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The Phantom Heroine: Ghost and Gender in Seventeenth-Century Chinese Literature (review)

The Phantom Heroine: Ghost and Gender in Seventeenth-Century Chinese Literature (review) Reviews Herman F. Huang is with the North Carolina Department of Transportation and holds degrees in environmental science and urban planning. He is a community planner specializing in the impacts of transportation projects on the human environment. Notes 1. The World Bank, China Quarterly Update, March 2010. http://siteresources.worldbank. org/CHINAEXTN/Resources/318949-1268688634523/CQU_march2010.pdf (Accessed on April 4, 2010). 2. The World Bank and State Environmental Protection Administration (People's Republic of China), Cost of Pollution in China: Economic Estimates of Physical Damage (Washington, DC: The World Bank, 2007). http://siteresources.worldbank.org/INTEAPREGTOPENVIRONMENT/ Resources/China_Cost_of_Pollution.pdf (Accessed on January 10, 2010). Judith T. Zeitlin. The Phantom Heroine: Ghost and Gender in SeventeenthCentury Chinese Literature. Honolulu: University of Hawai`i Press, 2007. 296 pp. Hardcover $57.00, isbn 978-0-8248-3091-5. Chinese ghost stories from Liaozhai zhiyi, the famous collection of classical tales by Pu Songling (1640­1715), often strike today's Western readers as singularly devoid of the element of horror. "They are not scary!" My students would typically say. In lieu of unsightly alien beings innately malicious to the living, the ghosts in Liaozhai are impressively humanlike.1 Significantly, this benign imagination of ghosthood is coupled with a distinctive gendering strategy: In Pu's stories, the returning dead is usually a female, and the principal human http://www.deepdyve.com/assets/images/DeepDyve-Logo-lg.png China Review International University of Hawai'I Press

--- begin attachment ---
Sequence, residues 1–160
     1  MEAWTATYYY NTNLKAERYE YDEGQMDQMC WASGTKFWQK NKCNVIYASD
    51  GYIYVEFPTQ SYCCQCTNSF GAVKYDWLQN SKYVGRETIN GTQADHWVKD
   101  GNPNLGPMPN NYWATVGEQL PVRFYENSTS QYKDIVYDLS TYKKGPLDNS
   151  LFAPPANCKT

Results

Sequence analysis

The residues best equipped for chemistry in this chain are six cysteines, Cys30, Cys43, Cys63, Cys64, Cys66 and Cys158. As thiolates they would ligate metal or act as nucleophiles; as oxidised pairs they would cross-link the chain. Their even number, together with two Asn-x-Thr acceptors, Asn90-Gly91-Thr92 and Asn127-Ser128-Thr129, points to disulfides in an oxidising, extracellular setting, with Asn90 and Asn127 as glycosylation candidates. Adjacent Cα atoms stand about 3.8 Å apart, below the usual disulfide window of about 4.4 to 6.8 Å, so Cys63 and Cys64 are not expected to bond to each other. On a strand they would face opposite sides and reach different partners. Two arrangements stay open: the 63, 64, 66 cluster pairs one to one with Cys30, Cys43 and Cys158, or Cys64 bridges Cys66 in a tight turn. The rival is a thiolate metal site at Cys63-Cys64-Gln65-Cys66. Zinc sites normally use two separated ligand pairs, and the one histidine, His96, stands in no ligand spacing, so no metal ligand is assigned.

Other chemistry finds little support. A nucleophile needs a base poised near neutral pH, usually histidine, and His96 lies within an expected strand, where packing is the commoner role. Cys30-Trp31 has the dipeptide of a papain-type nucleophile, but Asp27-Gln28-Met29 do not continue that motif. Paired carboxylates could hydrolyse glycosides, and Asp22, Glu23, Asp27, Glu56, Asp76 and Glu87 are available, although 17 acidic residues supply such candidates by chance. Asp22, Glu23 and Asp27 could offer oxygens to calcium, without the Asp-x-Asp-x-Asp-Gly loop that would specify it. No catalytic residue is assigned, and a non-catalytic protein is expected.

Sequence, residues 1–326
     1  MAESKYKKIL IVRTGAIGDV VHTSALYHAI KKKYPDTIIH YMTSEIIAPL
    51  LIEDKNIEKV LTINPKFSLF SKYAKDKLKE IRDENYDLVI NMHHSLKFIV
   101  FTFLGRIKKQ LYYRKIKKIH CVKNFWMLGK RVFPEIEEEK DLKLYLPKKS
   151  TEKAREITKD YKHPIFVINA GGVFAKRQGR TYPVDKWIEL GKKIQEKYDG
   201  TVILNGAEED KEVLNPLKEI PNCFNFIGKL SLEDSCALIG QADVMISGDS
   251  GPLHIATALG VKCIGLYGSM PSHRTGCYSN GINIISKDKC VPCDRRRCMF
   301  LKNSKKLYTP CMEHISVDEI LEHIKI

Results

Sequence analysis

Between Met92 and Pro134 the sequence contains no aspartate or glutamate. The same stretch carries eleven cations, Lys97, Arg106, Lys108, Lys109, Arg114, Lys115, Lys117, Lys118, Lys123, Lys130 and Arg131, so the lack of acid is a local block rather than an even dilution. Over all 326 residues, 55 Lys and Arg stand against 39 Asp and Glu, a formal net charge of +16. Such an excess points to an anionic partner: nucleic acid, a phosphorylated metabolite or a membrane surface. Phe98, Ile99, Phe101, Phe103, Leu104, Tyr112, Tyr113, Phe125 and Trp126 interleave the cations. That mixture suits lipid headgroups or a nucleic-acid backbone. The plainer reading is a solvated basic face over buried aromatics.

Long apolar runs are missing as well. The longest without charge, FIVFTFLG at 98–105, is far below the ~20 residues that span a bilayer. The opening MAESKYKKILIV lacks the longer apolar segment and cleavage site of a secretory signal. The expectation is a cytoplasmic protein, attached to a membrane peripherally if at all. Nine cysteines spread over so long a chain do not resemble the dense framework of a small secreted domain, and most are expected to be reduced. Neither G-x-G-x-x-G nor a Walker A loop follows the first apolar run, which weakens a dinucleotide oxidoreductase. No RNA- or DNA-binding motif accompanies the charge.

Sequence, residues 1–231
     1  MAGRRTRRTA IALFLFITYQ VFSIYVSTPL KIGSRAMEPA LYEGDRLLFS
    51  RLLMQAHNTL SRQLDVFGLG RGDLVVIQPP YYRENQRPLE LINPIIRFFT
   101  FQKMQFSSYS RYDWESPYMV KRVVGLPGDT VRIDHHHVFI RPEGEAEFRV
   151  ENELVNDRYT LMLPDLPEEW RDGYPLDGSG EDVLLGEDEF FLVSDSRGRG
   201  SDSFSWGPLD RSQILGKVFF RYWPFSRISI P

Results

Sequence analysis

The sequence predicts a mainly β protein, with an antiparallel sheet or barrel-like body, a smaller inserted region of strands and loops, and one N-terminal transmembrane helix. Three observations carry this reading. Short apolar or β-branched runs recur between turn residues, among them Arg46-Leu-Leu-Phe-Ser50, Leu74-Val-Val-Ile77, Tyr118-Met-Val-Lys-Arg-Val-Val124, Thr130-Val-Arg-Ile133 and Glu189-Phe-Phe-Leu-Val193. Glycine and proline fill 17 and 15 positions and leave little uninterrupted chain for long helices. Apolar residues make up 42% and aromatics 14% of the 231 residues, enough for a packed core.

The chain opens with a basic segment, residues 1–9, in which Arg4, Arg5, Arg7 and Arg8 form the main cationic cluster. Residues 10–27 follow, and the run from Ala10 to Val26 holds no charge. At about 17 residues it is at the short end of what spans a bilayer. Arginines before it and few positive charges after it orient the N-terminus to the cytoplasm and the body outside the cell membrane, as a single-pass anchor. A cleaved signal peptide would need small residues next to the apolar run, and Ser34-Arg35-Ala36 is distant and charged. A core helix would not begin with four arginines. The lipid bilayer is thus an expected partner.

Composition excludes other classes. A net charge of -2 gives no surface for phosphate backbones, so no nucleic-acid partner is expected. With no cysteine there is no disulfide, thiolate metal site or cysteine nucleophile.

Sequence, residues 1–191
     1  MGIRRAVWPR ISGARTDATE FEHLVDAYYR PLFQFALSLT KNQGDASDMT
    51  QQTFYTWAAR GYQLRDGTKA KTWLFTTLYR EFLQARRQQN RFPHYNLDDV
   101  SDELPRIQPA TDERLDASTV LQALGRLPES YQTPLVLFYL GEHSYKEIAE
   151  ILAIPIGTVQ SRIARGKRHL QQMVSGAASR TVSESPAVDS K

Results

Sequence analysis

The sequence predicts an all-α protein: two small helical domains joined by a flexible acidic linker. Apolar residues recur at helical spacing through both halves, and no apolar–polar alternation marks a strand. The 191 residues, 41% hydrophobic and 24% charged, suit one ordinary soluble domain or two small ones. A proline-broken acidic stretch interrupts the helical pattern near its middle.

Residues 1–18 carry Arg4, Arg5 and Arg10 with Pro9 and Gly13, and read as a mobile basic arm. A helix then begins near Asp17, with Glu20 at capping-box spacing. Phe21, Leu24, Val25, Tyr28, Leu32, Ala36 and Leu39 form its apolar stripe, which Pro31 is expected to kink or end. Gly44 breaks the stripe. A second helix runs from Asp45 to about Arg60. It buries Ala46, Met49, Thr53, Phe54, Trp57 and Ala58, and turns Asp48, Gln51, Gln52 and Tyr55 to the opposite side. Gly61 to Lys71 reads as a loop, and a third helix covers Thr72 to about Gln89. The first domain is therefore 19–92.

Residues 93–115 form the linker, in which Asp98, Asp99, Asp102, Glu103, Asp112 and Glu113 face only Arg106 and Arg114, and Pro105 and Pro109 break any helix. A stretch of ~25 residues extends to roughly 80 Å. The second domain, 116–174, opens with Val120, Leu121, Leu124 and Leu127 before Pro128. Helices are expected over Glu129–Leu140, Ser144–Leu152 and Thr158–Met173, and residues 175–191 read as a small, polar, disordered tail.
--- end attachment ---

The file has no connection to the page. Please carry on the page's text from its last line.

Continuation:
The Phantom Heroine: Ghost and Gender in Seventeenth-Century Chinese Literature (review)

China Review International , Volume 16 (3) – Jan 6, 2009

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University of Hawai'I Press
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Copyright © University of Hawai'I Press
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1527-9367
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Abstract

Reviews Herman F. Huang is with the North Carolina Department of Transportation and holds degrees in environmental science and urban planning. He is a community planner specializing in the impacts of transportation projects on the human environment. Notes 1. The World Bank, China Quarterly Update, March 2010. http://siteresources.worldbank. org/CHINAEXTN/Resources/318949-1268688634523/CQU_march2010.pdf (Accessed on April 4, 2010). 2. The World Bank and State Environmental Protection Administration (People's Republic of China), Cost of Pollution in China: Economic Estimates of Physical Damage (Washington, DC: The World Bank, 2007). http://siteresources.worldbank.org/INTEAPREGTOPENVIRONMENT/ Resources/China_Cost_of_Pollution.pdf (Accessed on January 10, 2010). Judith T. Zeitlin. The Phantom Heroine: Ghost and Gender in SeventeenthCentury Chinese Literature. Honolulu: University of Hawai`i Press, 2007. 296 pp. Hardcover $57.00, isbn 978-0-8248-3091-5. Chinese ghost stories from Liaozhai zhiyi, the famous collection of classical tales by Pu Songling (1640­1715), often strike today's Western readers as singularly devoid of the element of horror. "They are not scary!" My students would typically say. In lieu of unsightly alien beings innately malicious to the living, the ghosts in Liaozhai are impressively humanlike.1 Significantly, this benign imagination of ghosthood is coupled with a distinctive gendering strategy: In Pu's stories, the returning dead is usually a female, and the principal human

Journal

China Review InternationalUniversity of Hawai'I Press

Published: Jan 6, 2009

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